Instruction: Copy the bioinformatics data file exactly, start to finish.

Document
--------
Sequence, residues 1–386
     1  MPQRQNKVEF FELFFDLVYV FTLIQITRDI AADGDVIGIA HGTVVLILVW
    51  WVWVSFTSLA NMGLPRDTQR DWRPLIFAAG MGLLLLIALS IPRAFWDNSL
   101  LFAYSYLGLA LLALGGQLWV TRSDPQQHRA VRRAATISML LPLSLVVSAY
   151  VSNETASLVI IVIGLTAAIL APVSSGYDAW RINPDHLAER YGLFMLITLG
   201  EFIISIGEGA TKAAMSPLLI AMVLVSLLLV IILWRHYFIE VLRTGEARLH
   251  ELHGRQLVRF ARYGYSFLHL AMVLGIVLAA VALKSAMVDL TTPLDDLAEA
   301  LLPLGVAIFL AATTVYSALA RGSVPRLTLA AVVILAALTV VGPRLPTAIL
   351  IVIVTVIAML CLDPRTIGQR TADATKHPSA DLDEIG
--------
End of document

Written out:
Sequence, residues 1–386
     1  MPQRQNKVEF FELFFDLVYV FTLIQITRDI AADGDVIGIA HGTVVLILVW
    51  WVWVSFTSLA NMGLPRDTQR DWRPLIFAAG MGLLLLIALS IPRAFWDNSL
   101  LFAYSYLGLA LLALGGQLWV TRSDPQQHRA VRRAATISML LPLSLVVSAY
   151  VSNETASLVI IVIGLTAAIL APVSSGYDAW RINPDHLAER YGLFMLITLG
   201  EFIISIGEGA TKAAMSPLLI AMVLVSLLLV IILWRHYFIE VLRTGEARLH
   251  ELHGRQLVRF ARYGYSFLHL AMVLGIVLAA VALKSAMVDL TTPLDDLAEA
   301  LLPLGVAIFL AATTVYSALA RGSVPRLTLA AVVILAALTV VGPRLPTAIL
   351  IVIVTVIAML CLDPRTIGQR TADATKHPSA DLDEIG